R.E.V. Church (1901-1985)
compiled by Beth Williams
A paper presented at the Melbourne Organ Weekend, 21 October 2000, in the hall of The Scots' Church, Russell Street, Melbourne. Beth Williams, Dip. Art & Design (Swinburne), is a daughter of R.E.V. Church. The paper was delivered by John Maidment who recalled R.E.V. Church's varied programmes and polished performances in the 1960s as St Kilda City Organist.
EXTRACT FROM OHTA NEWS (JULY 2001), pp. 11-13.
Reginald Edward Victor Church, familiarly known as 'R.E.V.', had a musical career spanning nearly 70 years. During this time he made a significant contribution to the Melbourne musical world, particularly in the field of organ and church music.
Born on 23 January 1901, R.E.V. was the youngest son of Mr & Mrs Richard Church, of Kew. His father died at the age of 49 years, leaving six children. He began his musical career at the age of six, when he played the piano for the children at his kindergarten, and as his mother was a very musical lady, she encouraged his studies from this early age.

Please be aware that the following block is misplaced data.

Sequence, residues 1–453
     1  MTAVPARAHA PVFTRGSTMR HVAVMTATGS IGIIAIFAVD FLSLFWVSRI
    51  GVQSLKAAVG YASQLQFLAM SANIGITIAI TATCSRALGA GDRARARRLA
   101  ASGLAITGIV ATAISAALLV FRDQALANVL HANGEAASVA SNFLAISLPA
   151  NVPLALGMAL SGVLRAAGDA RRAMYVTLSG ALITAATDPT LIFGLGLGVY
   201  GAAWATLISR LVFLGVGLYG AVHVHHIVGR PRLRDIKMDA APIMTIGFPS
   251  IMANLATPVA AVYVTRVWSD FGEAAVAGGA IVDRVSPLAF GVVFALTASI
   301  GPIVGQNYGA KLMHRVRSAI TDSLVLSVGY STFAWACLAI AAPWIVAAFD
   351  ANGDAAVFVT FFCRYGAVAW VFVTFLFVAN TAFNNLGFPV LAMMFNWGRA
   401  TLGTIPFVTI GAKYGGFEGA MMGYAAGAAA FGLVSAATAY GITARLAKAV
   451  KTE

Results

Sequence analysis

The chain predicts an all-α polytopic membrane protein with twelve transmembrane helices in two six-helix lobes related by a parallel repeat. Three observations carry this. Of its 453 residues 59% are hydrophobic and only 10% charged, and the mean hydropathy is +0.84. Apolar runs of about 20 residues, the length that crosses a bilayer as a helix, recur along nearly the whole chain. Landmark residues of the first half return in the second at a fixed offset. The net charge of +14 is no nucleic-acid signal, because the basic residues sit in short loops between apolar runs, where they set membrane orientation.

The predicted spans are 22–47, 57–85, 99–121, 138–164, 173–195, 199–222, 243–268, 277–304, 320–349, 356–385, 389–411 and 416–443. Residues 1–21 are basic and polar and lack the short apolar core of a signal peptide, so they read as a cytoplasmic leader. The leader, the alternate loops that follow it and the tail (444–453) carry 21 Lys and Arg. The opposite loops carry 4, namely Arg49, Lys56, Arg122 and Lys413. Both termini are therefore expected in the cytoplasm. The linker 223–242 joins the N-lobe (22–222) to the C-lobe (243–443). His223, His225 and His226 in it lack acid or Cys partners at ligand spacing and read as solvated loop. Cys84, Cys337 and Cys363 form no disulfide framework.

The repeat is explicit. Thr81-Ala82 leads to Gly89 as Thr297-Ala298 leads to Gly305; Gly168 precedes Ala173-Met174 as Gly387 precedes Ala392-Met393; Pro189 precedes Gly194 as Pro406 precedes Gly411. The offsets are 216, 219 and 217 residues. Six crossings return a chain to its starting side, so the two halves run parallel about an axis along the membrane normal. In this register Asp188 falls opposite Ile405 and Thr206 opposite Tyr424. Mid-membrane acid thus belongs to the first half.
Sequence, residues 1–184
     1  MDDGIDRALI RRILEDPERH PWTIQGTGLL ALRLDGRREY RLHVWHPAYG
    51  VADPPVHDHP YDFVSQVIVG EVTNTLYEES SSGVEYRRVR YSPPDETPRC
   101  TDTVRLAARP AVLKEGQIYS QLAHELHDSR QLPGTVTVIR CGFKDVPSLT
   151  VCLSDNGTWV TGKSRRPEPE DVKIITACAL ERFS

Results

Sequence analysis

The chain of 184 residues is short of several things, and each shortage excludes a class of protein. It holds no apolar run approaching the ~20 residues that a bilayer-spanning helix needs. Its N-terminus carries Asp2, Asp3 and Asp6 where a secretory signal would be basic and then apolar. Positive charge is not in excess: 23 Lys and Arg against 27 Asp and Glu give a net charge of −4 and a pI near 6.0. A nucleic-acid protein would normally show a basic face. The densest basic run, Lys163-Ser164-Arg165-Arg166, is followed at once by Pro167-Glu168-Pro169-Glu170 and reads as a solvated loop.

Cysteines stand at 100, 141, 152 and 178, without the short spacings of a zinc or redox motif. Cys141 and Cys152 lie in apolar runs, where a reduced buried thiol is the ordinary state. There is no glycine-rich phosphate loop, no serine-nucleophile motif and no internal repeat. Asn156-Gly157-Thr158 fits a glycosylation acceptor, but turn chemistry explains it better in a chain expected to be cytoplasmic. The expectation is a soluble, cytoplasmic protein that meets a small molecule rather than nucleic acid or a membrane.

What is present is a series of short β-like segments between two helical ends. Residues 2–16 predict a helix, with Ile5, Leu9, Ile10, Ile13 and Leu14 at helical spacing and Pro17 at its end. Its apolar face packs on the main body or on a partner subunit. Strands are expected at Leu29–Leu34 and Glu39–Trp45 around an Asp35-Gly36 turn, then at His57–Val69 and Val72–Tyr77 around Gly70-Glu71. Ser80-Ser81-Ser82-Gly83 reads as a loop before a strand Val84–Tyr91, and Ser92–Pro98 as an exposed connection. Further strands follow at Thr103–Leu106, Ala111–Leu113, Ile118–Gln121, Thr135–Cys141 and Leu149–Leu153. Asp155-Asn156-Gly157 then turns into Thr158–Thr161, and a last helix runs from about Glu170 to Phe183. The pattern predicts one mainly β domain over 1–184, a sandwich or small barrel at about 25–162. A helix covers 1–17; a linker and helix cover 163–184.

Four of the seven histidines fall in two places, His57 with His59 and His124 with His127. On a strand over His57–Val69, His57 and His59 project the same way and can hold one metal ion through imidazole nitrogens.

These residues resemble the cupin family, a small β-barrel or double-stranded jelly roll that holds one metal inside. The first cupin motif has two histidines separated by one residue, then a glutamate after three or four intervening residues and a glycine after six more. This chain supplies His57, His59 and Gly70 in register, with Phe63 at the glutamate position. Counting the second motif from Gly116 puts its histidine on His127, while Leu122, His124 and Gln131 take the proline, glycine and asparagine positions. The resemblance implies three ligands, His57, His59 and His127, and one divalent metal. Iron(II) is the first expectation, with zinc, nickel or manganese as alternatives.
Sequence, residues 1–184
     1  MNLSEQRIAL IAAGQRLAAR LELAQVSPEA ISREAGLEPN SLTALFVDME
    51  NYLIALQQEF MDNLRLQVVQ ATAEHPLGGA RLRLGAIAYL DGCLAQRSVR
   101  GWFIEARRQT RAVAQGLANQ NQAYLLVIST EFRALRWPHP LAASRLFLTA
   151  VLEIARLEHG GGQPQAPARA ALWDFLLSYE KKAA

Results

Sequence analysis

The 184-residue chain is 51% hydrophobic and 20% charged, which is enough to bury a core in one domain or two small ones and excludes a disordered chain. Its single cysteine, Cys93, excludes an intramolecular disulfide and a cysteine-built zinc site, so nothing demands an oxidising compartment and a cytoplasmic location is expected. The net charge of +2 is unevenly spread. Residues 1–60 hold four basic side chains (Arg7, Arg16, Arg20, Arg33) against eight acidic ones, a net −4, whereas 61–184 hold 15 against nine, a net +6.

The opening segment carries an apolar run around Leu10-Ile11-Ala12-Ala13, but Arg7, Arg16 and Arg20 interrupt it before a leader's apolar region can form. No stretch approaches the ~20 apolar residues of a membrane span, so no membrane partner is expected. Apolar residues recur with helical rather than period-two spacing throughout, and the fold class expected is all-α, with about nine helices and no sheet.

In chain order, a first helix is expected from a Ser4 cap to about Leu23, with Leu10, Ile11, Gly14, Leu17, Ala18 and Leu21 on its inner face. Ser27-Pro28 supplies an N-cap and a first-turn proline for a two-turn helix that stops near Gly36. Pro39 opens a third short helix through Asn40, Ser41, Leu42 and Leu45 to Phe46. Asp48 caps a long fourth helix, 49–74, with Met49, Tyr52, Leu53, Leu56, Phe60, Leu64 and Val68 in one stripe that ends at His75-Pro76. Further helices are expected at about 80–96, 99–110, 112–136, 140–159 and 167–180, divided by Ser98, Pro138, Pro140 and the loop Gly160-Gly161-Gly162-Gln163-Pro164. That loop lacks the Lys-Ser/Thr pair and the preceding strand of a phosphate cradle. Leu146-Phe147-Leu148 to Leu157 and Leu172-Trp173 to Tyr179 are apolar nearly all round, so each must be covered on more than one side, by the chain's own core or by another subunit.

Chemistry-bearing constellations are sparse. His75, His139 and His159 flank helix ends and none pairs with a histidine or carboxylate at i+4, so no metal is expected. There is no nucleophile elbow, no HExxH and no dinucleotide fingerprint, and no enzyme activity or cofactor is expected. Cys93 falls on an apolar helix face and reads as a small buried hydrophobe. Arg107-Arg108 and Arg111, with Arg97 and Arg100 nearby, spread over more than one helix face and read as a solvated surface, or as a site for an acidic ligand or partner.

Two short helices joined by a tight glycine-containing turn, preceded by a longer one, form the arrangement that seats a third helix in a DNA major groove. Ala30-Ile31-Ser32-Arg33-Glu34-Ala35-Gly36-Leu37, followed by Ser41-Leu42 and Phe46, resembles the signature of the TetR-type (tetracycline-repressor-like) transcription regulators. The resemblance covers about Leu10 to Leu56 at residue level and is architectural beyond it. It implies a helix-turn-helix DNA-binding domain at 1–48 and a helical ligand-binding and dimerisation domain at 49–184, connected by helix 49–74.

As time progressed, he exhibited a talent for the organ, and was enrolled as a pupil with Mansley Greer, organist of The Scots' Church, Melbourne, and considered a noted organist and teacher. He stated that Reginald Church learnt more in two years than most in four.
In 1920, at the age of 19 years, he became organist of The Independent Church, in Walpole Street, Kew, where there was a three-manual organ of 1891 built by Alfred Fuller, whose workshop had been nearby at Kew Junction. Then in 1921 he was appointed to Cairns Memorial Presbyterian Church in East Melbourne, where there was another Fuller instrument dating from 1884. Here he joined Mr R.J. Oehr, the then choirmaster and conductor.
In 1923 he was appointed organist and choirmaster of South Yarra Presbyterian Church, in Punt Road, where he played on a Fincham organ of 1887.